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With unlimited meal rule in place, Oklahoma to add food truck for student-athletes

Sam Cooper
Dr. Saturday
NCAA Football: Oklahoma at Kansas
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Oct 19, 2013; Lawrence, KS, USA; An Oklahoma Sooners helmet sits on the field before the game against the Kansas Jayhawks at Memorial Stadium. Oklahoma won the game 34-19. (John Rieger-USA TODAY Sports)

The NCAA rule allowing student-athletes to receive unlimited meals and snacks went into effect on August 1. Less than a week later, Oklahoma has already come up with a creative way to implement the new rule.

According to ESPN.com, the Sooners will begin using a food truck to make sure athletes have access to food when they want it.

“We don’t have facilities in all the places they would need to be, so the idea is to have a mobile fueling station and perhaps some additional trailers that have refrigeration capabilities that can operate as a prep kitchen of sorts,” Oklahoma athletic director Joe Castiglione told ESPN.

Castiglione said that the truck is more of a way to satisfy the needs of the school’s athletes as opposed to trying to one-up other universities. He said the main thing the new rule provides is “flexibility.”

“It’s now so flexible that schools can provide full meals to athletes at any time and there will be some schools that will undoubtedly push that envelope,” Castiglione said. “The next thing people will be doing is a comparative analysis for recruiting as to what schools offer more.”

This rule change comes at a pretty serious cost to universities. Castiglione said that Oklahoma will spend “about $1 million” to offer a wider selection. Additionally, the new rule applies to walk-ons, too, so there are more mouths for the schools to feed.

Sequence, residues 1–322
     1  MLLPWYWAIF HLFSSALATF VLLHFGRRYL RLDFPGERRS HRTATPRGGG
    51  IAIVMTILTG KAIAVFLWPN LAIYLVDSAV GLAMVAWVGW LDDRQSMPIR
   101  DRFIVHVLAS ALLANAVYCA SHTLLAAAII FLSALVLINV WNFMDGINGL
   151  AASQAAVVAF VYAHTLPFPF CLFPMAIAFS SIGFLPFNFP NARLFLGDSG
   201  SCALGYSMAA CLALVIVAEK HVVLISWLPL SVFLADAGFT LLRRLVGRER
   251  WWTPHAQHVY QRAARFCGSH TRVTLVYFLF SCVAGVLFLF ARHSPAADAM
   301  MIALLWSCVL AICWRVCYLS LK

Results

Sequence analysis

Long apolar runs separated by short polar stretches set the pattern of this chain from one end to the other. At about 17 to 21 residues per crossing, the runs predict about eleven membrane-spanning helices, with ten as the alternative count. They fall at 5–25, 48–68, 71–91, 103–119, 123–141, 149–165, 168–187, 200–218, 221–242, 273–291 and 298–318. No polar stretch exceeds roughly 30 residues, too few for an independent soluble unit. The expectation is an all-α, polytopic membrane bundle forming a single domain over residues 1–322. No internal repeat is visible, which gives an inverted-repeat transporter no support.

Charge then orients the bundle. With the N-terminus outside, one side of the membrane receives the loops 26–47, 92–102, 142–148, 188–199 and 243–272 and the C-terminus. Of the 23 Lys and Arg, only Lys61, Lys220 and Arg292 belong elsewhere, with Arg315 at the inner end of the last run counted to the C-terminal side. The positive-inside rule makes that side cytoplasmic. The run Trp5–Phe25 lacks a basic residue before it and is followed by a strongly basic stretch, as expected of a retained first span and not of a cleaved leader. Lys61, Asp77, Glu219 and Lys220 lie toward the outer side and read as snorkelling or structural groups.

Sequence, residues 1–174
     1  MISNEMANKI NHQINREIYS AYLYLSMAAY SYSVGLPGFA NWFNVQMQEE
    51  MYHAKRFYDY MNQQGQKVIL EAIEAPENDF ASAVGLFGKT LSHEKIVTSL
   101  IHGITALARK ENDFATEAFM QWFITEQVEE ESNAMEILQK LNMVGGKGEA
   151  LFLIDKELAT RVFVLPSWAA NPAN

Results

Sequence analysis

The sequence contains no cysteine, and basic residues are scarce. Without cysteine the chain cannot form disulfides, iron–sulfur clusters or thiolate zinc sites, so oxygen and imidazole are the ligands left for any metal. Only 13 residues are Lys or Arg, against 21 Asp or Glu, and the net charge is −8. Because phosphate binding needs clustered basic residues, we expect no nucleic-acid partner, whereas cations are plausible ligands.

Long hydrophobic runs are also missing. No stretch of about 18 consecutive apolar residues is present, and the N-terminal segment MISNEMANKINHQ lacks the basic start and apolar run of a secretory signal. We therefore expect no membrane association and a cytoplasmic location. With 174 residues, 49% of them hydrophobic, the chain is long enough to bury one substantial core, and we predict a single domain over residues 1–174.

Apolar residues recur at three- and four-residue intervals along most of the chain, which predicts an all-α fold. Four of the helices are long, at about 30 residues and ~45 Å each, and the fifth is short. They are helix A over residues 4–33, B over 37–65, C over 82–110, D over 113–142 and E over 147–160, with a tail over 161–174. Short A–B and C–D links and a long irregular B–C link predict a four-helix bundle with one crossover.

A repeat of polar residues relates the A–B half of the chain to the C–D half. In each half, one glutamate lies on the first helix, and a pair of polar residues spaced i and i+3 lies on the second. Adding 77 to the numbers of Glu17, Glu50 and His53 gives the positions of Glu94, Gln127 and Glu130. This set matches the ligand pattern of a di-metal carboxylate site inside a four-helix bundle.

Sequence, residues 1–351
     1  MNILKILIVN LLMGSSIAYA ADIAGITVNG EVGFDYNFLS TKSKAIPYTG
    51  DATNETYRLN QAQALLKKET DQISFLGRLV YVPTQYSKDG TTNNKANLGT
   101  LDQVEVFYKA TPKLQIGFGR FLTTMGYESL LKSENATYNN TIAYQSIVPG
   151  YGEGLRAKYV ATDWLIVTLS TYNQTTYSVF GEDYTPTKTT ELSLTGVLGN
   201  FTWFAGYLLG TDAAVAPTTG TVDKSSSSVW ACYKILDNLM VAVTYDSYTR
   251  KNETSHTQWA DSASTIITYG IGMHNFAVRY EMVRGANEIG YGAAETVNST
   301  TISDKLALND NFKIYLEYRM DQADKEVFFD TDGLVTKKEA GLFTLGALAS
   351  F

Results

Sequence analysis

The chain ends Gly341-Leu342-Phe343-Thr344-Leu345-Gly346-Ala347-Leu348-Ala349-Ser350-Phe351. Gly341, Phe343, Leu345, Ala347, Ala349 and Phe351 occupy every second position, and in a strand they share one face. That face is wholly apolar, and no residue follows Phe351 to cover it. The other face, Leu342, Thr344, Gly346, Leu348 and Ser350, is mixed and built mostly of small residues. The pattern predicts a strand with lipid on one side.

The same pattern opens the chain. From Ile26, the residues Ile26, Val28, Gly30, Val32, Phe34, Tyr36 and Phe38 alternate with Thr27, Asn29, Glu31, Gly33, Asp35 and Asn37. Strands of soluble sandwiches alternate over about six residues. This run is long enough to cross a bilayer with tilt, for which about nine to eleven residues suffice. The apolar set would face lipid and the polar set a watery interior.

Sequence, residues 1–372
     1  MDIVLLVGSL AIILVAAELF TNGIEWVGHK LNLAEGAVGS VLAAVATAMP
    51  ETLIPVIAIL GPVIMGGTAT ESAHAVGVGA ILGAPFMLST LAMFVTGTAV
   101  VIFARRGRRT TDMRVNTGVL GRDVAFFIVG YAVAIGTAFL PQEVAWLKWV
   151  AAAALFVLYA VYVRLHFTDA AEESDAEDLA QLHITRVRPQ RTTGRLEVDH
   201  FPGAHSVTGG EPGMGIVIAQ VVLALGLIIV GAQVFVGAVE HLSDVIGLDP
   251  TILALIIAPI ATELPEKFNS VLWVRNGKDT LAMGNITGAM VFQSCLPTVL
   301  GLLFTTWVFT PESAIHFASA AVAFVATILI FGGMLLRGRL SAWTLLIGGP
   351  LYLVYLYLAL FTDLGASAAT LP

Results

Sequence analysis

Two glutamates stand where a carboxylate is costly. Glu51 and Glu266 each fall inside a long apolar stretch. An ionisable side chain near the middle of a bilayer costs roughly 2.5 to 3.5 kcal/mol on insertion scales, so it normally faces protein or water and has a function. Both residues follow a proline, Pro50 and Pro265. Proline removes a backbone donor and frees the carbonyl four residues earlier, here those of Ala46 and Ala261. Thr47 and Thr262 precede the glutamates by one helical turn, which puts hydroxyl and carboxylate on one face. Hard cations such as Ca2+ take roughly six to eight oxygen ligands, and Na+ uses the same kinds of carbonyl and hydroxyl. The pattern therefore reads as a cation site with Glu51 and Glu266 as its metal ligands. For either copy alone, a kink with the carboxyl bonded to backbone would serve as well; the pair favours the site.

Other schools are following suit in terms of budget. Colorado athletic director Rick George told the Denver Post that the school has budgeted “$800,000 to $1 million” to hire a sports dietician and provide the additional food.

Colorado State head coach Jim McElwain said that with how many calories student-athletes burn, providing an extra meal is “huge.”

“We’re going to be able to get these guys some extra meals,” McElwain told the Post. “What happens is, especially in season, they have to hustle over to try to get something to eat and now we’re going to be able to make sure they at least get a snack.”

It seems like more than anything, schools are kind of in a trial-and-error phase with the unlimited meals. It will take time to figure out the best method is moving forward. Oklahoma’s food truck is just one of many methods we’ll see over the course of the season and beyond.

For more Oklahoma news, visit SoonerScoop.com.

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Sam Cooper is a contributor for the Yahoo Sports blogs. Have a tip? Email him or follow him on Twitter!

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